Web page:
The European Court of Human Rights ruled today that Britain may deport five terrorist suspects (including Abu Hamza al-Masri, the former preacher) who are wanted in the U.S. consistent with human rights law, but that they "should not be extradited" until after court processes make the judgment final. Alan Cowell and John F. Burns report at the New York Times.
Khalid Sheikh Mohammed and his alleged co-conspirators will be arraigned on May 5, Carol Rosenberg at the Miami Herald tells us.
Jennifer Martinez and Jonathan Allen at the Politico cover the "turf war" that is currently being waged for responsibility over cybersecurity. In addition, the Pentagon plans to accelerate its development of cyberweapons, Ellen Nakashima at the Washington Post writes.
Those hacktivists are at it again: Anonymous crashed the websites of two trade associations who have voiced support for the House version of cybersecurity legislation. Andrew Feinberg and Brendan Sasso at The Hill report.
First it was an op-ed on the two remaining Kuwaiti nationals held in Guantanamo. Now the government of Yemen is on the case for two of its nationals at Parwan. Reports Peter Finn at the Washington Post,
The government of Yemen has agreed to closely monitor two Yemenis held by the U.S. military in Afghanistan if they are repatriated, and attorneys for the men asked the Pentagon on Monday to authorize the transfer of the two detainees.
Amin al-Bakri, 44, and Fadi al-Maqaleh, 26, have been cleared for release by military detainee review boards on three occasions, beginning in 2010, according to Pentagon records.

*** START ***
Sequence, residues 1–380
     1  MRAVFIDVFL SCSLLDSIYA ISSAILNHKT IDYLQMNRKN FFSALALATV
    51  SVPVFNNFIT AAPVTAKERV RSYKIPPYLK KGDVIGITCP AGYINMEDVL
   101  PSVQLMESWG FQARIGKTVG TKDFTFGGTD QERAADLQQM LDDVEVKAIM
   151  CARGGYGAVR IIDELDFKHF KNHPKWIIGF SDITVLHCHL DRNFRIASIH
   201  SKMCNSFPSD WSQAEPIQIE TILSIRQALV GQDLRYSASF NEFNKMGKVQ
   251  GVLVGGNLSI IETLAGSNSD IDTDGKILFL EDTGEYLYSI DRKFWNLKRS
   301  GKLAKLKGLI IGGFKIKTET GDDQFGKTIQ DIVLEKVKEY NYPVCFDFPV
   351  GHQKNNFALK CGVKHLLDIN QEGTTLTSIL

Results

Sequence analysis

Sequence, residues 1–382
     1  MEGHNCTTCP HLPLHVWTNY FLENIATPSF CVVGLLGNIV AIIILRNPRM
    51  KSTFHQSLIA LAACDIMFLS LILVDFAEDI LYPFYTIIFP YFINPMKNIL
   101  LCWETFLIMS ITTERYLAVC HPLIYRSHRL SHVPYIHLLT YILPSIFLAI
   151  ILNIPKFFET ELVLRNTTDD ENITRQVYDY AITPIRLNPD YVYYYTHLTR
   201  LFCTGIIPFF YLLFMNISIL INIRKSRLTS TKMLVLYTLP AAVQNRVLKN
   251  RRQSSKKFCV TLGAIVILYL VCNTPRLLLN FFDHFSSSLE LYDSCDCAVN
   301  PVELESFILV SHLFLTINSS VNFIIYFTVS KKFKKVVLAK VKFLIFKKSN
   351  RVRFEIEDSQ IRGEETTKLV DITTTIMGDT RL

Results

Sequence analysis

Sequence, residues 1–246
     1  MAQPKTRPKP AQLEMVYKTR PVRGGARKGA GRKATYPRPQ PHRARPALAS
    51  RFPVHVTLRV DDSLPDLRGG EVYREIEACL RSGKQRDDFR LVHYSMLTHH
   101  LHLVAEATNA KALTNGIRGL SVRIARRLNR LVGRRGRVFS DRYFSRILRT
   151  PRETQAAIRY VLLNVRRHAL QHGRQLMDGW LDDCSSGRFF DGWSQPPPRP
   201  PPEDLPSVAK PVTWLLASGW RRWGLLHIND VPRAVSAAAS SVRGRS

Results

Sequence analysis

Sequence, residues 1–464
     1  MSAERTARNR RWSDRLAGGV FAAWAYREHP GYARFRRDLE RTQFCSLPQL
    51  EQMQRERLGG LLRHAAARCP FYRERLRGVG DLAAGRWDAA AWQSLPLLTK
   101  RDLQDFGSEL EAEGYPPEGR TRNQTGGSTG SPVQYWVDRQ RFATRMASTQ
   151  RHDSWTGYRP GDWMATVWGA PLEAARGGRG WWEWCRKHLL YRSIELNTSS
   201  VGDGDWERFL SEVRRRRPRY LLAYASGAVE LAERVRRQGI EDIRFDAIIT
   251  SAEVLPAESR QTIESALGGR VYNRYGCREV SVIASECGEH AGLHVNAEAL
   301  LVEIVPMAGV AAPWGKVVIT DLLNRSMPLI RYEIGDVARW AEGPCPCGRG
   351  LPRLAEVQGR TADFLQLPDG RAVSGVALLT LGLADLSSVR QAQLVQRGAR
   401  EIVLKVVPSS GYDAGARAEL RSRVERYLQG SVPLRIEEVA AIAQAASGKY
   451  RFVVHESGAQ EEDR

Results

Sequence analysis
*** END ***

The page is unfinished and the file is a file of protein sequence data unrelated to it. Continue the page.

First Amendment lawyers are off to Guantanamo to contine fighting for the right to hear for themselves what treatment Abd Al Rahim Al Nashiri was subjected to during his detention in the scheduled hearings this week. Carol Rosenberg at the Miami Herald reports.
Josh Gerstein over at the Politico updates us on the CIA leaks case against former officer John Kiriakou. Looks like the identities of some journalists who were leaked intel have been disclosed in recent court filings.
After a second drone crashed in Seychelles last week, the U.S. has decided to suspend future drone flights over the country. Reuters has the story.
New York Times Editorial Page Editor Andrew Rosenthal writes about the implications of the recently-leaked interrogation memo written by then State Department official Philip Zelikow in 2006.
Micah Zenko at the Atlantic ponders the future of CIA drone operations in Afghanistan post-2014.
Joe Wolverton II discusses in the New American the complaint filed against the U.S. government by Christopher Hedges and his fellow co-plaintiffs over the detention provisions of the NDAA.
Looks like the Malaysian government is working to codify a limit of 28 days on the length of time that terrorist suspects and others suspected national security threats may be held without being charged. Previously, there was no limit. Liz Gooch at the Times provides the details.
The Harvard National Security Journal has posted this new article by Colonel Mark Holzer, who argues that the U.S, government should engage in "offensive warfare." He lays out his argument in the abstract:
[T]his article advocates broadening the national security policy discussion to include providing support to plaintiffs in terrorism related civil litigation domestically, to certain defendants in certain foreign criminal actions, to defendants in foreign civil litigation that is deemed to be related to the current conflict, and to plaintiffs pursuing foreign causes of action against terrorist organizations and their supporters.
Watch a video of Mark Martin's speech at Harvard Law School here.
For more interesting law and security-related articles, follow us on Twitter, visit the Georgetown Center on National Security and the Law’s Security Law Brief, Fordham Law’s Center on National Security’s Morning Brief, and Fordham Law’s Cyber Brief. Email us noteworthy articles we may have missed at firstname.lastname@example.org and email@example.com.